People now say the economy was bad before the war, around 1935, because of the Great Depression, but it happened to be the Golden Age of Film. In other words, if you had a job and money, you could enjoy yourself because of deflation. My father said it was a great time, though that might have been only for a small portion of people in Tokyo.
What do you think he said about the war? He said that Stalin said Japanese people were not guilty. That was it. I often fought with him saying he must have been responsible for the war as well, but he had no intention at all to think about this issue. He also became friends with Americans right after the war, inviting them to our place. He said he would prefer the United States to the Soviet Union. I don't know why he hated the Soviet Union, but I think he didn’t like the lack of freedom. He was a free person (laughter).
It was only in my 30s when I took a second look at Japan.
Right now, I’m reading Hando Kazutoshi’s History of Showa (Showa shi, 2004), but it is hard. The more you read it, the more you learn about the horrible things Japan did. I don't understand why Japan went to other countries and waged the war. Wasn’t there an alternative path? It would have been different if Japan had not caused the Manchurian Incident. After the Russo-Japanese War, Japan should have returned the Liaodong Peninsula, saying it belonged to China. Japan did not even consider this possibility. It was a time of imperialism, so probably other countries would not have considered it either.
The Soviet Union, England, France, Holland and the United States were interested in China back then. We cannot ignore that history and say only Japan was wrong. But, it is strange to question why Japan gets blamed when Japan was the last one to join these forces. In any case, Japan was a robber. I heard from my mother how her acquaintances went to Manchuria and how arrogantly they behaved there. Every time I heard this kind of story, I truly thought the Japanese people were no good.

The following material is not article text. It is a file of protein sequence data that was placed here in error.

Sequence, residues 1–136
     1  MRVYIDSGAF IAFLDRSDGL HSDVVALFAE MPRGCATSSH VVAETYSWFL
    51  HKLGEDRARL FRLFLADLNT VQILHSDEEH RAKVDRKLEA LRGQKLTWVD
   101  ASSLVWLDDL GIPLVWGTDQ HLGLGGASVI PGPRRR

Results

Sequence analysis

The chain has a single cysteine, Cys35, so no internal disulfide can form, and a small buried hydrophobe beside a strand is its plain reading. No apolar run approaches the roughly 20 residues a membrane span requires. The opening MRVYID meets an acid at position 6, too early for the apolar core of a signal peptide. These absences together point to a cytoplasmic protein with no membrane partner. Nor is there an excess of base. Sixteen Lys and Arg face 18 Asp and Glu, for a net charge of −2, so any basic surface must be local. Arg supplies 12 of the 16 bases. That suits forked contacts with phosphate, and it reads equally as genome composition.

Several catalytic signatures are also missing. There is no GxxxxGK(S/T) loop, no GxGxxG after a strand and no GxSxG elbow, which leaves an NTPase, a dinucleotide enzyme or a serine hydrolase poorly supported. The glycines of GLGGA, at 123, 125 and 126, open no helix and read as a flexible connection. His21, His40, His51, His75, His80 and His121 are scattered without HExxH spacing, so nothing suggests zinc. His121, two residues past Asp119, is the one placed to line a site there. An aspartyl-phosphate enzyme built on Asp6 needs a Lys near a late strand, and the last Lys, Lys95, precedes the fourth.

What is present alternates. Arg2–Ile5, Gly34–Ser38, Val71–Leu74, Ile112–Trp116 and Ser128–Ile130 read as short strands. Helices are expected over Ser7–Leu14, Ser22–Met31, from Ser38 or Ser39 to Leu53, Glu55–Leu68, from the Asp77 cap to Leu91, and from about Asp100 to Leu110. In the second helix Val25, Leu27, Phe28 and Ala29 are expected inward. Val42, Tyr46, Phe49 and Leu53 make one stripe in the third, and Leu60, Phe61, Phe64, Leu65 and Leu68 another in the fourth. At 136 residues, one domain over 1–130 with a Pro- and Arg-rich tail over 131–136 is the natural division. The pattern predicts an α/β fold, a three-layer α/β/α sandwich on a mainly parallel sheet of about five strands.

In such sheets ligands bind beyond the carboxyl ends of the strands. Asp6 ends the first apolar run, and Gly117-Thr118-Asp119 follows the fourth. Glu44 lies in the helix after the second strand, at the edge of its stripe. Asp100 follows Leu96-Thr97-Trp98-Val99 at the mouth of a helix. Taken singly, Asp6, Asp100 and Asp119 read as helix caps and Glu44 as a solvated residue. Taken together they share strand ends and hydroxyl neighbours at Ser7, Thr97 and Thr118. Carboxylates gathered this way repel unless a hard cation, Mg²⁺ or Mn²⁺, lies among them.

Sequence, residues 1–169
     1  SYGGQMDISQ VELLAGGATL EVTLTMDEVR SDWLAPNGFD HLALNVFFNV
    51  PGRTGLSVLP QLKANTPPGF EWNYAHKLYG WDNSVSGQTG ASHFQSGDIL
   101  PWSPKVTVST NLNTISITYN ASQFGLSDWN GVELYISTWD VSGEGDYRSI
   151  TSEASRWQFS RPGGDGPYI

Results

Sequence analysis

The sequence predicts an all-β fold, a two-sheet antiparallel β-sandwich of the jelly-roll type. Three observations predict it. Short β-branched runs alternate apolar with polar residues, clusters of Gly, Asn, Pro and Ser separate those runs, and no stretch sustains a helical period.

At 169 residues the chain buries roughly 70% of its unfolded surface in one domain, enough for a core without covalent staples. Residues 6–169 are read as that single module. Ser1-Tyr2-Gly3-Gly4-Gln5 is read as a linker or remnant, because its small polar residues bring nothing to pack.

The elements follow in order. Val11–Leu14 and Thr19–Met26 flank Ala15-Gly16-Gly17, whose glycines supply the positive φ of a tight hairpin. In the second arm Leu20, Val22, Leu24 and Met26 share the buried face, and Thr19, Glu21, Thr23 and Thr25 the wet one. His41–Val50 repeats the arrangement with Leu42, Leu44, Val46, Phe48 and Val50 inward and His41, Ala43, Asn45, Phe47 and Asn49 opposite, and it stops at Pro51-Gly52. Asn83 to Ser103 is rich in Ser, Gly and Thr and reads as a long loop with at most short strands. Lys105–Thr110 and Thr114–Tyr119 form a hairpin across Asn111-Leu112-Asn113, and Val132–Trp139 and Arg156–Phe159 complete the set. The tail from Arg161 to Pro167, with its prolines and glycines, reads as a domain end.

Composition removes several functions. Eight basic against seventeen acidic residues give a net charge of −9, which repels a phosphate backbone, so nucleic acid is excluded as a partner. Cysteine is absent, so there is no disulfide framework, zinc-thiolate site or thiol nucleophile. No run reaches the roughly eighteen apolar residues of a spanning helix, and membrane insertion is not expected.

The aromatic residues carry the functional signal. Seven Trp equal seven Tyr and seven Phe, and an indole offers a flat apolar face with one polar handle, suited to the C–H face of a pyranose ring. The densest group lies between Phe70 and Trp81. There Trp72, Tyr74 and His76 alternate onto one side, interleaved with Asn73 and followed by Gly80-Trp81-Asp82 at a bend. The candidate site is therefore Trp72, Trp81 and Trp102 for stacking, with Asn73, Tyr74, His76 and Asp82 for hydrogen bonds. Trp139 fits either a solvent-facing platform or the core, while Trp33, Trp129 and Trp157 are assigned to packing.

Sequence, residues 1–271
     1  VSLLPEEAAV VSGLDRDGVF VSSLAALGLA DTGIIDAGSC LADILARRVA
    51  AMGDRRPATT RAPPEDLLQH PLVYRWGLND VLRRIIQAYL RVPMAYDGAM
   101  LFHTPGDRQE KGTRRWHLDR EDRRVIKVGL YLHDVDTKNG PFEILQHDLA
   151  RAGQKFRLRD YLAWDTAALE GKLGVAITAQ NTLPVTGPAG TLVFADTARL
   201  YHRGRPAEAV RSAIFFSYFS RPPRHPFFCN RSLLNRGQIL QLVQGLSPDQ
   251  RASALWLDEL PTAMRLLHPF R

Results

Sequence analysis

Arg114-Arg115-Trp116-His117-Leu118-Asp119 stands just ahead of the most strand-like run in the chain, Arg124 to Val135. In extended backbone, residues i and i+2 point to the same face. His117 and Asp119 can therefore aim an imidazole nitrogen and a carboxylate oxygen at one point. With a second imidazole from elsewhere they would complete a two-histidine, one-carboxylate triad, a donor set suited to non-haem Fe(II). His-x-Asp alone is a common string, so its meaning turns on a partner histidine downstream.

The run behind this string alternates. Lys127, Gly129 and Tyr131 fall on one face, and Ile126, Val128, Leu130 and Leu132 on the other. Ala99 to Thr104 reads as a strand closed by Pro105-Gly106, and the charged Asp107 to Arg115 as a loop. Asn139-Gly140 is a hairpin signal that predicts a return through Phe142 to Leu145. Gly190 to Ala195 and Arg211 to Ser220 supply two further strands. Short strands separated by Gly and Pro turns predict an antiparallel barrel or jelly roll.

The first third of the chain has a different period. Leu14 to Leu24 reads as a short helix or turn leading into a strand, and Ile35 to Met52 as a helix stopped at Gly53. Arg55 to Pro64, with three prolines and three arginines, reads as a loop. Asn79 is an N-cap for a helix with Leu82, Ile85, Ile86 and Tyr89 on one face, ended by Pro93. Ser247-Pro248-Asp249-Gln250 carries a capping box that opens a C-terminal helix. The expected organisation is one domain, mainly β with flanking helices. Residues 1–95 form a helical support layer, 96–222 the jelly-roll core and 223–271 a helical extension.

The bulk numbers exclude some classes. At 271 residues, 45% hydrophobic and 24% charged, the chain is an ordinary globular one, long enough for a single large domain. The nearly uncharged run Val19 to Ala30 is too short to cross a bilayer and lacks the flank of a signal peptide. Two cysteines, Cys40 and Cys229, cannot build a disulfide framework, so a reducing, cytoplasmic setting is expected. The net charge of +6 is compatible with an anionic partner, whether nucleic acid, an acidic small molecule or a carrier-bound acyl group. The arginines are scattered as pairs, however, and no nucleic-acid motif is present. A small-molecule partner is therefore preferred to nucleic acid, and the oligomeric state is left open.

Because of all this, even after I grew up, I did not want to sing Japanese songs. Singing Russian folk songs instead, I wished I could have had a homeland that I could love.4 It is not that I liked Russia better, but because I didn't have any firm beliefs back then, I thought there might be something more important than myself to believe in.
It was when I came back from travelling in Europe in my thirties that I re-examined Japan. Though I say “Europe,” I only wandered around a small part of Sweden. But after coming back to Japan, I realized how much I love the plants and natural environment of these islands. I thought Japan would be a truly beautiful country, if it was without people. It is not that I came to like the nation or the Japanese flag, but I came to recognize that Japanese soil – the land of Japan – was wonderful. Regardless of whether we are wealthy or poor, we live in a fertile, rich environment. I also came to learn that Meiji Shrine, the awesome forest there, was man-made. I came to gradually realize that I live in an island where the soil has tremendous power.
This is according to Hando, but Japan’s modern history can be divided up by along a forty-year framework. Japan won the Russo-Japanese War forty years after the opening of the country in 1865, though it took on immense debts. After that, the imperial, military government destroyed the country over the course of forty years. Between 1945 and 1985, it seemed as if Japan was managing well with economic development. After the collapse of the bubble economy, Japan lost its sense of purpose and started to decline. If Hando is right, it is more than “two lost decades”: it will last for twenty more years (laughter).